Onward was the first of two Pixar films set to debut in 2020 with the other being Soul. It was clear from the marketing that the emphasis was placed on Soul as the superior film as well as the higher grosser.
Onward grossed only $103 million at the box office against a $175-$200 million budget, but this has been attributed to the COVID-19 pandemic closing movie theaters. As a result, Onward was released to Disney+ early on March 20. What did I think of the film? Read on to find out!
Mild spoilers ahead!
Onward takes place in a universe wherein legendary creatures like elves, goblins, manticores, and centaurs exist. They once possessed knowledge of magic centuries ago, but due to a “scientific revolution”, magic was soon forgotten.
Centuries later, these creatures evolved to become normal, everyday, suburbian citizens, including our protagonists. Ian Lightfoot, voiced by Tom Holland, is an elf turning 16 and lives with his mother, Laurel, voiced by Julia Louis-Dreyfus, and older brother, Barley, voiced by Chris Pratt. Ian is a shy, awkward teen and hopes that this coming birthday will change things. Barley, on the other hand, is outgoing, social, and obsessed with their universe’s magical past.
Ian is gifted a magical staff left for him by his late father who passed away before I an was born. Barley realizes that their father dabbled in wizardry and has left a visitation spell that will allow him to return briefly. Ian has always wanted to meet his father, so is excited about this, but something goes wrong with the spell causing only the bottom half of their father, i.e. just legs, to return. It’s up to Ian and Barley to go on a quest to find a Phoenix Gem that will allow them to restore their father fully before the spell is broken.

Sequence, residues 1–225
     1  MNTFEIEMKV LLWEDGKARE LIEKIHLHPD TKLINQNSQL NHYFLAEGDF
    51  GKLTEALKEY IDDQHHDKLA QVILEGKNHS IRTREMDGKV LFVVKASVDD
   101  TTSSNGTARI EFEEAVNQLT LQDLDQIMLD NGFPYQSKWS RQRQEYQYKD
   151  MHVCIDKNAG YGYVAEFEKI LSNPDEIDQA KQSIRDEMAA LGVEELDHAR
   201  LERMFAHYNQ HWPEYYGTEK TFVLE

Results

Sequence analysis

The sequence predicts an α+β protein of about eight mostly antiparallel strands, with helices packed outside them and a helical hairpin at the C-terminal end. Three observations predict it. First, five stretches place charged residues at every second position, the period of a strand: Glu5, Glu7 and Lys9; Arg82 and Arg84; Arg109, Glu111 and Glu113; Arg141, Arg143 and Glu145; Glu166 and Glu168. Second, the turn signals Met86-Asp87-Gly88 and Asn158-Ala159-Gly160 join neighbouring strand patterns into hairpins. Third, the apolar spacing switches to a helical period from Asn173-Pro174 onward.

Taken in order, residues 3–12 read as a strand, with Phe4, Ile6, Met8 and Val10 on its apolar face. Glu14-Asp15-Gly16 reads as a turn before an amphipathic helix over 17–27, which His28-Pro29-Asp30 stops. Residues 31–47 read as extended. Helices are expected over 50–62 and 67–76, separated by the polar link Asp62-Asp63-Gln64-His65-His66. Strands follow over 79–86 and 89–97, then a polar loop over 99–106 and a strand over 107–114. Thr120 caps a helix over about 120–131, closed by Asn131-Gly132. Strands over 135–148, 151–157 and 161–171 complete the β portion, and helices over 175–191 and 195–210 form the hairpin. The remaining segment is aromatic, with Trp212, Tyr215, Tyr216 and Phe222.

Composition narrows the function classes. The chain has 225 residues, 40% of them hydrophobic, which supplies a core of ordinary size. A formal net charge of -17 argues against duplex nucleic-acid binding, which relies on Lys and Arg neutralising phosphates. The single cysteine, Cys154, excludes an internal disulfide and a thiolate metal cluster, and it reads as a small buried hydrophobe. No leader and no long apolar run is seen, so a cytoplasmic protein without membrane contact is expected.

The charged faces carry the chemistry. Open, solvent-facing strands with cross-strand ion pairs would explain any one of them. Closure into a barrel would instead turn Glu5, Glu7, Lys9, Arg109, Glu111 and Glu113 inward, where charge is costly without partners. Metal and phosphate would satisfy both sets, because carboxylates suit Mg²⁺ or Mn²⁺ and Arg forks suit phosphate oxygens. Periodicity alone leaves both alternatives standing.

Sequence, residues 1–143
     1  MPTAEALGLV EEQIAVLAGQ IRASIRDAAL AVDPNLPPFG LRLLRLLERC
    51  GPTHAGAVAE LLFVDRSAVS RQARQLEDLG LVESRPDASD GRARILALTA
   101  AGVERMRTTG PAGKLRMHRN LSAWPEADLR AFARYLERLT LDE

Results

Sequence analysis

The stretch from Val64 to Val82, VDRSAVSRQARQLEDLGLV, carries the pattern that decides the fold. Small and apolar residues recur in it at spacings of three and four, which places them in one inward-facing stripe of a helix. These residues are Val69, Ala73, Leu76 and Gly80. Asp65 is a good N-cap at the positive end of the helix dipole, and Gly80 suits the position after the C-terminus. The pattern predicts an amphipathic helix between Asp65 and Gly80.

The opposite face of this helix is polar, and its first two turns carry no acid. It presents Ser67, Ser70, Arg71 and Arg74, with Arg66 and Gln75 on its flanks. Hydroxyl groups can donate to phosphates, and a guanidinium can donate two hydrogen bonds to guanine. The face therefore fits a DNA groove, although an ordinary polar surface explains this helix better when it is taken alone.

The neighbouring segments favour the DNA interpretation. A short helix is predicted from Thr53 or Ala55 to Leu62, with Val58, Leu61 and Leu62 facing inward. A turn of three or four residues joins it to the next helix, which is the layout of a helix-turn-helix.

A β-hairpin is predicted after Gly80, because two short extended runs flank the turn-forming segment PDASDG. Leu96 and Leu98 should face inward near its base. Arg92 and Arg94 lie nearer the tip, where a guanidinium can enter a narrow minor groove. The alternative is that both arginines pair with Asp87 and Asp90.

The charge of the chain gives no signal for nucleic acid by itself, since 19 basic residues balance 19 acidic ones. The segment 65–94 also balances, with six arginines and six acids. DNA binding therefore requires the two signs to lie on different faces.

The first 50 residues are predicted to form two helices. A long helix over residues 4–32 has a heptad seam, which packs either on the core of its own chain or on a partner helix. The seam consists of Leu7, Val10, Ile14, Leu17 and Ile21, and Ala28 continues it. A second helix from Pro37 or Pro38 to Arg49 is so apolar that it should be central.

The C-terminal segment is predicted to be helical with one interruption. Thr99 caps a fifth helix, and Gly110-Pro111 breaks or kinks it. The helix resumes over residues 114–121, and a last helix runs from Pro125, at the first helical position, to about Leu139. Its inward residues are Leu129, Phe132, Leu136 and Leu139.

I like the overall idea of the film. It’s interesting to see what would it be like if legendary, mythical creatures actually lived in a normal, modern society. We get to see how they would have evolved to normal life, what sort of challenges their body structures would present, which creatures would have evolved to become pests, etc.
But, I was underwhelmed with the story. I felt there wasn’t anything amazing about it and it basically became a brotherly bonding/road trip movie. There’s nothing wrong with that, so to speak, but I felt the way it was manifested in this film could have used a few more tweaks.
The voice acting was great with Tom Holland convincing us that he’s American and Chris Pratt giving us a performance that’s different from Emmett in The Lego Movie. The animation was also well-done, but because most of what we see is supposed to be dingy suburbs, at times, it’s not very appealing to look at.
So while I personally liked the film fine, I don’t think you’re missing anything if you decide to skip it.